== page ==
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Re: Getting rid of circular dependencies, stage 5

On Wed, Jul 26, 2006 at 04:41:37PM +0200, Goswin von Brederlow wrote:
> Andreas Barth <aba@not.so.argh.org> writes:
> > * Ian Jackson (ian@davenant.greenend.org.uk) [060726 13:18]:
> >> But, for example,  foo <-Depends-> foo-data  is not usually an example
> >> of a silly dependency.
> >
> > Actually, there is no reason why foo-data needs foo configured before
> > being configured, but there might be reason for the other direction.
> > Why not inventing some new "Depends-for-being-useful" from foo-data to
> > foo, and having Depends cycle-free?
> Pre-Depends: Needs to be unpacked and configure before me
> Depends: Needs to be configured before me
> How about adding:
> Post-Depends: Needs to be configured for me to be useable
> The difference between Depends and Post-Depends would be that only the
> former may use the other package in the maintainer scripts.
> To implement this dpkg would need a new state. One between
> unconfigured and installed, say post-config or configured. Packages
> would go from purged to unpacked (unpacking done) to configured
> (maintainer scripts have been run) to installed (Post-Depends have
> been configured).

Adding a new state would break a lot of tools, and require a couple
of releases until it's functional.

What about this:
"Post-Depends:"/"Needs:" don't have to be satisfied for a package to
be configured.  If A "Needs:" B, you can still have A installed
without B, and have a perfectly functional system -- from dpkg's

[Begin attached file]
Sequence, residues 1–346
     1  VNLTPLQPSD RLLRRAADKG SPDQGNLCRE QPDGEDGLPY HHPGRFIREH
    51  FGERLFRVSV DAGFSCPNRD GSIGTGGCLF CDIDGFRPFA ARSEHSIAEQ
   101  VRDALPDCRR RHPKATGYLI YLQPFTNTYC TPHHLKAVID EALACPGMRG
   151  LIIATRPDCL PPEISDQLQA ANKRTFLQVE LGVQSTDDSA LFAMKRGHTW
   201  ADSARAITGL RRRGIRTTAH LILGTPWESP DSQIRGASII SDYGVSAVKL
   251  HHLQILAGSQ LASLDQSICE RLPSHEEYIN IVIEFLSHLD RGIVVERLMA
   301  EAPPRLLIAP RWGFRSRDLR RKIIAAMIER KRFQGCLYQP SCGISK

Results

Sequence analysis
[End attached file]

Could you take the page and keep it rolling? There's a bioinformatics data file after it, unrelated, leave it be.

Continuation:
point of view.
Apt and the frontends which understand the new field will scream at
you, and won't allow such a case to happen (unless forced).

If you have a mixed system where some tools know about the new field
and some which don't, you may end up with left-over cruft like
foo-data installed without foo.  This is not a problem except for
some disk space wasted -- you do have useless files on your
filesystem, but they have otherwise no detrimental effect.

This way, you could have this in for Etch.

Here's how existing tools handle the field:

dpkg-gencontrol: warning: unknown information field `C Needs' in
input data in general section of control info file
(and the field gets weeded out of the .deb)

dpkg -- no problems -- ignores it but stores

apt -- no problems (ignores it)

So, even backports would be covered with an acceptable failure mode.

> Post-Depends cycles could be broken by allowing: A package can go from
> configured to installed when all its Post-Depends are configured or
> installed. Or Post-Depends cycles are just required to be transitioned
> as one, no splitting by apt-get into multiple calls allowed.
In my proposal, apt wouldn't require to pass this to dpkg in any
special way.  It would just install B whenever A is selected for
installing, and remove A if you ask for removing B, without dpkg
knowing why this is done.

Cheers and schtuff,
1KB		// Q: How do you spot a good inetd?
		// A: It build-depends on equivs.

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